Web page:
But then things changed for me. I realized that the world needed me and that my actions, no matter how pure and honorable, were not helping the planet. I heard the planet’s SOS call and it pulled me to look outwards instead of always inwards.

Note: You are about half way through the rant. Congratulations and keep going!

Sebastian Bach Inspired

This is when I flipped from aspiring to be Mozart and started aspiring to be Bach.

Mozart was a Roark who like Woods could only create from their inner voice. As Woods says (arrogantly?), “I don’t think it is a matter of arrogance – it’s the only way I know how to work.”

But Bach was a lowly draftsman with a large family to feed. He was on meager salary by the church to churn out show tunes each week for the sermon, no more glorious or divinely inspired than the underpaid mason who built the beautiful cathedrals. Bach was a humble employee with a boss and a weekly deadline.

In his time nobody proclaimed him a genius. He was just the guy who helped put the weekly sermon together. Now I don’t know what Bach’s reason for being was. It is not important since it is speculation for me. I know little about the man. I’m just using him as a metaphor. To make my point I am going to make up his purpose and say that he wrote for others – for his boss, to feed his family.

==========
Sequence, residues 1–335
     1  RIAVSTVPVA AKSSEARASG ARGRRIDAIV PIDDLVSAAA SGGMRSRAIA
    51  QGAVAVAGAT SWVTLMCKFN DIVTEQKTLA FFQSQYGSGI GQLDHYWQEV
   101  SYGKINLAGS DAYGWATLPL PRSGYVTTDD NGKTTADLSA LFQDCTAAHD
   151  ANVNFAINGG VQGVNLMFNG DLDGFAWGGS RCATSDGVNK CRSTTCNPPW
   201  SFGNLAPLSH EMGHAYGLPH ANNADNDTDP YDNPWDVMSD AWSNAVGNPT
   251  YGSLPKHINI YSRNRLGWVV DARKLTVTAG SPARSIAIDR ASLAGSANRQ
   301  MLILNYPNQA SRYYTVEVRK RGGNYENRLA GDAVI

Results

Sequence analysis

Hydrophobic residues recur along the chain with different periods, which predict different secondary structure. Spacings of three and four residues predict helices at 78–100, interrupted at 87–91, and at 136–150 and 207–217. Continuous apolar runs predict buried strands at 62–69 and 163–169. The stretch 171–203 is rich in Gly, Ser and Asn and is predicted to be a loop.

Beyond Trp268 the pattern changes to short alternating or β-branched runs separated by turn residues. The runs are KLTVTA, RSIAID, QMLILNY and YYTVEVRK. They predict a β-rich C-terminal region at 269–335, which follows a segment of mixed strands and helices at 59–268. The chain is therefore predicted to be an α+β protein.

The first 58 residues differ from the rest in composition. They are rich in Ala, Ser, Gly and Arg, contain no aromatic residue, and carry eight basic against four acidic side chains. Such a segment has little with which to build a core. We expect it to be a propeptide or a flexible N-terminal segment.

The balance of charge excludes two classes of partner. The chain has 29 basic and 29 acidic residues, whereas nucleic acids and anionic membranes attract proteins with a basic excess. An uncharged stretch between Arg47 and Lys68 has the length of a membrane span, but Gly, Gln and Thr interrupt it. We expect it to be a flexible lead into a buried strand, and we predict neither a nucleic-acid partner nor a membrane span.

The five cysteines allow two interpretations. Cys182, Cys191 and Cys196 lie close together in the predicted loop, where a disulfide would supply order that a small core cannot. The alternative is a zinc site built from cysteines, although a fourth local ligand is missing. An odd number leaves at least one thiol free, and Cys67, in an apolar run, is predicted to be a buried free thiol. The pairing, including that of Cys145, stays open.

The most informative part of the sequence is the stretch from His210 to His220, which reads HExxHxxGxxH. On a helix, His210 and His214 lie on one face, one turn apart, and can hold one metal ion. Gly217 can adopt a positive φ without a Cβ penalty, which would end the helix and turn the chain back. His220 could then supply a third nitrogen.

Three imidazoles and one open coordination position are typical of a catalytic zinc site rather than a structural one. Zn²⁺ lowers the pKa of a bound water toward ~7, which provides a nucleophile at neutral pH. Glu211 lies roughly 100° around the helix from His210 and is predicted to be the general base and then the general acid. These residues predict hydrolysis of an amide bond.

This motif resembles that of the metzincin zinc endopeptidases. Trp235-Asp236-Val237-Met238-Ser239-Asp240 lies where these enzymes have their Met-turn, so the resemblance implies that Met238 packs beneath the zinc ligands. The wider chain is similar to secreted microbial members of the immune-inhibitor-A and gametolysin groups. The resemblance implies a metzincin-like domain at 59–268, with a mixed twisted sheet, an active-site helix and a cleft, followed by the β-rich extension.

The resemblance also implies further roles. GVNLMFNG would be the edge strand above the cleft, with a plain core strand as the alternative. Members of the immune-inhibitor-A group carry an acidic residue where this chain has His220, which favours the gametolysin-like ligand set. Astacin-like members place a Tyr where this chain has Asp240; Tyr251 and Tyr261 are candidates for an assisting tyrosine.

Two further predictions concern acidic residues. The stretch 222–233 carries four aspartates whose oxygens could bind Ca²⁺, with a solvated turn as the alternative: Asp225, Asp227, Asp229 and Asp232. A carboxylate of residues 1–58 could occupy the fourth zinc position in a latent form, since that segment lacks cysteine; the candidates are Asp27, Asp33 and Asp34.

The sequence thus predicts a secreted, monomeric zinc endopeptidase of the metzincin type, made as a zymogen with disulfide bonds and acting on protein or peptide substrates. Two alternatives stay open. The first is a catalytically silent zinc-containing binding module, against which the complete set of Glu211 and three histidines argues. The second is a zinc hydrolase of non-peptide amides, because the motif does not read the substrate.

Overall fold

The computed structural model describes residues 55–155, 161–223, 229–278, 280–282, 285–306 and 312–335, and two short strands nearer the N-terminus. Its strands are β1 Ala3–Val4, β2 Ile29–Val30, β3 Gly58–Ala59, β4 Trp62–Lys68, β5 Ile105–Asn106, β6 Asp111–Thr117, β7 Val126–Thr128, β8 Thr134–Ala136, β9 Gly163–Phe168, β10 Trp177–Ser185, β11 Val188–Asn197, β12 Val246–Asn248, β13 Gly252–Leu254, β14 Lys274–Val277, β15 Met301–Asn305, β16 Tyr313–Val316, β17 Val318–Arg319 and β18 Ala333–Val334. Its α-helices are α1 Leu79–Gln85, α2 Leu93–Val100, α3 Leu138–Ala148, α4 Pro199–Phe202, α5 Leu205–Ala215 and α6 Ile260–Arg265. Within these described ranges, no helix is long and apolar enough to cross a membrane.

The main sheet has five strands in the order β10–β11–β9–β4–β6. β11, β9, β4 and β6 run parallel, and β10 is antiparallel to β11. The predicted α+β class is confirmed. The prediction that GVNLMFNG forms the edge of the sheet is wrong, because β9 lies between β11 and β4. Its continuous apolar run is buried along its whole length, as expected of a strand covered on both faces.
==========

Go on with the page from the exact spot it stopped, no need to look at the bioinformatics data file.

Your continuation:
And I think that is what a green builder does. They are servants to the planet. Their creative genius comes second to their devotion to improving the planet. I would actually say that is their creative genius but it is a selfless one.

I’m not saying the Artiste isn’t selfless. I would have died for my art. Nothing was more important than creation. My friends, myself, my family, the world, it all came second to my creative purpose. I sacrificed it all for the art. My point here is that the health of the planet was very low on my list of priorities.

Also, some people who don’t have the holistic vision of  the universe – that we are all connected – would see this servant attitude of putting other things before personal creativity as failure.

For example you see it portrayed in the film Barton Fink, where a writer strugles with these very issues of inner vision vs. worldly corruption of that vision.

There is a scene in the movie when Fink the idealistic writer is explaining to the life hardened producer about wanting to write “something beautiful” with the screenplay. The producer, Lipnik, lays him out with the “hard truth”: